Flooring Underlays

While buying a laminate, wood, or vinyl floor, you might think whether flooring underlays need to be bought for your floors and if so, what type of underlay? Generally, underlays should always be used in floor installation but with some exceptions. For example, underlay is not needed when fitting a cushioned vinyl floor providing a soft surface. Most wood and laminate floors are known as 'floating' floors meaning that they are not fixed down permanently to the ground below. These types of floors require underlay below them, for the purpose of sound-proofing and to prevent vapour from entering the flooring. Depending on the type of floor you want to buy and the place you plan to install it, many choices for underlay are available for suiting your needs.

Sub-Floor Types
The underlay type you need will be dependent on the sub-floor that your new flooring will be fitted on top of. The sub-floor is usually either a wooden floor base or a concrete base. For a concrete sub-floor you'll usually need an underlay with a moisture barrier, a separate barrier, or a built-in DPM (Damp Proof Membrane) installed. This is for ensuring that your flooring is protected from getting ruined by damp. However for wooden flooring, the job will be done by most underlays but the most suitable one will depend on the type of flooring you are laying, whether it is a solid wood, laminate, or cork floor.

Laminate Flooring Underlays
It is suitable to use most underlay products in a laminate floor installation, since laminate floors are usually fitted as a 'floating floor'. In this the fitting of flooring into place is done by clicking together without needing to glue the joints or glue it down.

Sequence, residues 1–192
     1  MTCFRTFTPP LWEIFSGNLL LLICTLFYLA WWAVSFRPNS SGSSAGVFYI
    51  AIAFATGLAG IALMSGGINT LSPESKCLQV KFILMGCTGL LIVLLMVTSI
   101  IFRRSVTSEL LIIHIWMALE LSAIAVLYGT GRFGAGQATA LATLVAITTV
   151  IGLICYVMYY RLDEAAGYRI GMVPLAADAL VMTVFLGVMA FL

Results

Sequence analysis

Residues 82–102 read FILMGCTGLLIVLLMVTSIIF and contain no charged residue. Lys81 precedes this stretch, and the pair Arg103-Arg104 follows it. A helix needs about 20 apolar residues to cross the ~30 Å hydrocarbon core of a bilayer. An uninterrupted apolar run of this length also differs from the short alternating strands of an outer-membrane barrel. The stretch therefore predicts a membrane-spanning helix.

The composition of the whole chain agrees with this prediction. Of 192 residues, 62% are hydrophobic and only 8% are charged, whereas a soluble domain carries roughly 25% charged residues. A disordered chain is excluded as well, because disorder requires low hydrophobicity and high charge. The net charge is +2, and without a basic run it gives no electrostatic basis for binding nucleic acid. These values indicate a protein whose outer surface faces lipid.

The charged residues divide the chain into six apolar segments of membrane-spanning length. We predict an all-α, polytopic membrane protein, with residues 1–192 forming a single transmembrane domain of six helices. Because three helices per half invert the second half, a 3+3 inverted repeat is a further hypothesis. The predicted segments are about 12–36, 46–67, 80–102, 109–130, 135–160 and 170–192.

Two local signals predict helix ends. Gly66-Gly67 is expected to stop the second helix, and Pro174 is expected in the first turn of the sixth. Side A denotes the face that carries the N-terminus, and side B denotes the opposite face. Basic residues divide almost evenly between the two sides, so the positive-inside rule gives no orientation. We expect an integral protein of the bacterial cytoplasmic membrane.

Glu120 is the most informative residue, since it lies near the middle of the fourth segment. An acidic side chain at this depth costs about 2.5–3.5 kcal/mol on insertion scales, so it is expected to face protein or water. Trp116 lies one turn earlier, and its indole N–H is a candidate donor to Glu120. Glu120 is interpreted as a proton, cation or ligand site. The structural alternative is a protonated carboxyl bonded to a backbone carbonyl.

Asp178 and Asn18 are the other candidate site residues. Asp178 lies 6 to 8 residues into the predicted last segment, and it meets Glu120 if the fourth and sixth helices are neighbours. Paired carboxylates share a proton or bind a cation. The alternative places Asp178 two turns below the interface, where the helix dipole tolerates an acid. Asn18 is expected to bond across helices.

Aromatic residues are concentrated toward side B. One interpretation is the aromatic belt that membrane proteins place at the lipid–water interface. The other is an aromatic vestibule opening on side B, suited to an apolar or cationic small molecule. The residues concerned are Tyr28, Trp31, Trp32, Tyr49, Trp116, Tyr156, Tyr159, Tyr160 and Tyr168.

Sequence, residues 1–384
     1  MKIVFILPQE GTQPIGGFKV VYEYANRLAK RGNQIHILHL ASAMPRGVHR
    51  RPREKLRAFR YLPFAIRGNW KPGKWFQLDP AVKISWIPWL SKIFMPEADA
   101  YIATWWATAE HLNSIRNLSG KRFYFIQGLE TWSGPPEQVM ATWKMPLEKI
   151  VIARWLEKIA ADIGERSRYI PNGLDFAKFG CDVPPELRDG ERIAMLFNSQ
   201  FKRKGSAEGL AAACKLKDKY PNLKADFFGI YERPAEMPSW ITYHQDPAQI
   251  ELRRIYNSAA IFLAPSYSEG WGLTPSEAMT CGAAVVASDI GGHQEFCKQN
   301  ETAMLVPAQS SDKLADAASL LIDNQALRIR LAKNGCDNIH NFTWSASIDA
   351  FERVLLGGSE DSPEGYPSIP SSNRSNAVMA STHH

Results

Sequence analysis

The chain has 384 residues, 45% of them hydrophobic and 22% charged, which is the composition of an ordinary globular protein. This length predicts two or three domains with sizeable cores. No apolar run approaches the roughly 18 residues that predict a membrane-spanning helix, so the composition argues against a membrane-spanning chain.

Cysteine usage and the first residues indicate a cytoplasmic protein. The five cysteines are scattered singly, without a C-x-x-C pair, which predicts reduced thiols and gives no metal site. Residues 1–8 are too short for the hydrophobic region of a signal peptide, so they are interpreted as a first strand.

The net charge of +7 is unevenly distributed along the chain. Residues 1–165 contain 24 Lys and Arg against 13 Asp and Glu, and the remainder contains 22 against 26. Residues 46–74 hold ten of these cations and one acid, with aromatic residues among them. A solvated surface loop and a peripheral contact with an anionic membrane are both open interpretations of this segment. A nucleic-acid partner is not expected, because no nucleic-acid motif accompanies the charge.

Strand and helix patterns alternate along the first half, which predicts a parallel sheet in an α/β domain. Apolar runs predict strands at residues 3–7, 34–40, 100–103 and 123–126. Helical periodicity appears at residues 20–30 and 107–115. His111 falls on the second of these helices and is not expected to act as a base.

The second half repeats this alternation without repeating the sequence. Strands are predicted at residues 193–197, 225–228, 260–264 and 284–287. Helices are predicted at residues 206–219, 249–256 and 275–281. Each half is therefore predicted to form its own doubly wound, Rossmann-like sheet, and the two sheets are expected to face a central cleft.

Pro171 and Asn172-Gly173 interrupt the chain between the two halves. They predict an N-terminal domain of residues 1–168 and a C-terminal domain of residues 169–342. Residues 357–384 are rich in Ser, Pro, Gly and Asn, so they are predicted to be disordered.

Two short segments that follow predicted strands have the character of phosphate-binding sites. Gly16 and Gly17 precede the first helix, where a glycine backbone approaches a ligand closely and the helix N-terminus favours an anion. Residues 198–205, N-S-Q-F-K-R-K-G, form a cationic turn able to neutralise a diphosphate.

Solid Wood Flooring Underlays
It is a little more difficult to install solid, or real wood flooring in comparison to fitting an engineered or laminate floor since wood flooring has to be glued down to the floor below it. Considering this, a professional floor fitter who will know which underlay to use may be consulted for installing your solid wood floor. But, if you are installing the wood floor yourself or buying the materials for somebody else to do it, the requirements of underlay are quite straight-forward. Basically you have to be sure that a pre-glued underlay is used and if it has to be installed onto a concrete sub-floor then built-in DPM has to be used with a pre-glued underlay.

Engineered Flooring Underlays
Engineered flooring is similar to laminate floors and its installation is usually as a floating floor. It is joined together without gluing to the sub-floor. Like laminate flooring it is fine to install most underlay products with engineered flooring, but for a concrete sub-floor a moisture barrier is needed, otherwise a separate barrier will need to be fitted additionally to the flooring underlays.